CIA now pretending contractors are CIA officers

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PostTue Jul 20, 2010 5:14 pm » by Savwafair2012


The Washington Post's Pulitzer-prize winning reporter Dana Priest drove another stake into the heart of the US military industrial complex in today's Post:

In June, a stone carver from Manassas chiseled another perfect star into a marble wall at CIA headquarters, one of 22 for agency workers killed in the global war initiated by the 2001 terrorist attacks.

The intent of the memorial is to publicly honor the courage of those who died in the line of duty, but it also conceals a deeper story about government in the post-9/11 era: Eight of the 22 were not CIA officers at all. They were private contractors.
Priest's full story (and the Post's entire excellent series) is available here.

The Associated Press' writeup of the Post story follows.




Defense Secretary Robert Gates and CIA Director Leon Panetta are concerned about the role private contractors play in intelligence operations, The Washington Post reported Tuesday.

In the second installment of a series about the sprawling U.S. intelligence apparatus, the Post estimated that nearly one-third of the 854,000 Americans with top-secret security clearances are private contractors.

Panetta told the Post he agrees that is a problem.

"For too long, we've depended on contractors to do the operational work that ought to be done" by CIA employees, Panetta said.

Panetta also said he was concerned that corporations owe more responsibility to their shareholders than to their country, "and that does present an inherent conflict."

Gates agreed, telling the Post, "You want somebody who's really in it for a career because they're passionate about it and because they care about the country and not just because of the money."

Gates and Panetta were interviewed during the Post's two-year investigation into the mushrooming growth of U.S. intelligence and counterterror operations since the attacks of Sept. 11, 2001.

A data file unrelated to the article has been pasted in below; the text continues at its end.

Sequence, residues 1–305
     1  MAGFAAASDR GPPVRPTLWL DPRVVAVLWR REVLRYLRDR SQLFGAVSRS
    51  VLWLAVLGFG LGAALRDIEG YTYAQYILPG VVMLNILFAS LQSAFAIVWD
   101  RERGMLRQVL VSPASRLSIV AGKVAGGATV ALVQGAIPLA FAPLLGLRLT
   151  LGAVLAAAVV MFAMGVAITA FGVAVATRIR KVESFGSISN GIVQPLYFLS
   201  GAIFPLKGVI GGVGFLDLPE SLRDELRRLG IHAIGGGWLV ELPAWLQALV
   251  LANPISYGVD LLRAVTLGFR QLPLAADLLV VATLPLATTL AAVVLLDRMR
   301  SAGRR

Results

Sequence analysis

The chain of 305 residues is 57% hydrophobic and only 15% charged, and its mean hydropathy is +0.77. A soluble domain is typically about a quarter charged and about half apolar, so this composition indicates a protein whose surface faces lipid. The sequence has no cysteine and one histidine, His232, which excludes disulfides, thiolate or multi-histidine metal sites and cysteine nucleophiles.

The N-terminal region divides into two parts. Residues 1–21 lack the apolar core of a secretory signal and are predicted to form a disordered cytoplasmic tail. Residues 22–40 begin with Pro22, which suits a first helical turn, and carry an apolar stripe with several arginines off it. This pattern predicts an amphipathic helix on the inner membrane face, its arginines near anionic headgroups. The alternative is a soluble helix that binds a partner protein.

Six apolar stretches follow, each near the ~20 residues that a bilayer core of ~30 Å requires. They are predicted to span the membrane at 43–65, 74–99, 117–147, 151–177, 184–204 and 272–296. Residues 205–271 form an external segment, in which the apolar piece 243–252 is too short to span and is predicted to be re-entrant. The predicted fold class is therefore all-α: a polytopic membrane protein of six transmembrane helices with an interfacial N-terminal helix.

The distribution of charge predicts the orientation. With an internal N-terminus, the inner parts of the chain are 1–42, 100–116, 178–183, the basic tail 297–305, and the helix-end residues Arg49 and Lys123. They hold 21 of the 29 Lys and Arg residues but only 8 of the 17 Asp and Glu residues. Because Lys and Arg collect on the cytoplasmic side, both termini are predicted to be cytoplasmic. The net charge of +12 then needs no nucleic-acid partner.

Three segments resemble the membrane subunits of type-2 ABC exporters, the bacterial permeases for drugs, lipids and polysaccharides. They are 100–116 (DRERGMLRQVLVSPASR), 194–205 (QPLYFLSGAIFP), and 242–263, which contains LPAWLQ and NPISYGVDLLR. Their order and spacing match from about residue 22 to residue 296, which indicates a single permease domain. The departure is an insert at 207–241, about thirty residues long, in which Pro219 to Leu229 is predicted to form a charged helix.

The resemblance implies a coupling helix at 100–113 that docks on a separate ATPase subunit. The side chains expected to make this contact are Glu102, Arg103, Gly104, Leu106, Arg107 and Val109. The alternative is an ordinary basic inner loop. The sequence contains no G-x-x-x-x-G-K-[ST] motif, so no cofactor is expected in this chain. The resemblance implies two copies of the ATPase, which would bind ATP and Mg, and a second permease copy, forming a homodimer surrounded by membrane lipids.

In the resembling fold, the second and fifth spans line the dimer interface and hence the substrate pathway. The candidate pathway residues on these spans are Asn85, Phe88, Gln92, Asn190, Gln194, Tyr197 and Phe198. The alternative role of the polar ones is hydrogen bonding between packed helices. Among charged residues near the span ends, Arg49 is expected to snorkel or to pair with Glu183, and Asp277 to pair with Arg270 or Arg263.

Rep. Peter Hoekstra of Michigan, the senior Republican on the House Intelligence Committee, said he believes "the report that came out today is relatively accurate."

"The intelligence community continues to be very dependent on contractors," he said on CBS's "The Early Show."

Hoekstra said too many contractors are doing work that "you would believe should inherently be done by government employees."

"I don't think they are compromising safety," he said, "but I think it's inherently a bad management practice. ... I think it will change, but it will change very, very slowly."

Source: AP News


Paper: Gates, Panetta concerned about contractors

Paper: Gates, Panetta concerned about role of contractors in intelligence gathering

Staff
AP News

Jul 20, 2010 07:45 EDT

Defense Secretary Robert Gates and CIA Director Leon Panetta are concerned about the role private contractors play in intelligence operations, The Washington Post reported Tuesday.

In the second installment of a series about the sprawling U.S. intelligence apparatus, the Post estimated that nearly one-third of the 854,000 Americans with top-secret security clearances are private contractors.

Panetta told the Post he agrees that is a problem.

"For too long, we've depended on contractors to do the operational work that ought to be done" by CIA employees, Panetta said.

Panetta also said he was concerned that corporations owe more responsibility to their shareholders than to their country, "and that does present an inherent conflict."

Gates agreed, telling the Post, "You want somebody who's really in it for a career because they're passionate about it and because they care about the country and not just because of the money."

Gates and Panetta were interviewed during the Post's two-year investigation into the mushrooming growth of U.S. intelligence and counterterror operations since the attacks of Sept. 11, 2001.

Rep. Peter Hoekstra of Michigan, the senior Republican on the House Intelligence Committee, said he believes "the report that came out today is relatively accurate."

"The intelligence community continues to be very dependent on contractors," he said on CBS's "The Early Show."

Hoekstra said too many contractors are doing work that "you would believe should inherently be done by government employees."

"I don't think they are compromising safety," he said, "but I think it's inherently a bad management practice. ... I think it will change, but it will change very, very slowly."

http://www.ap.org/
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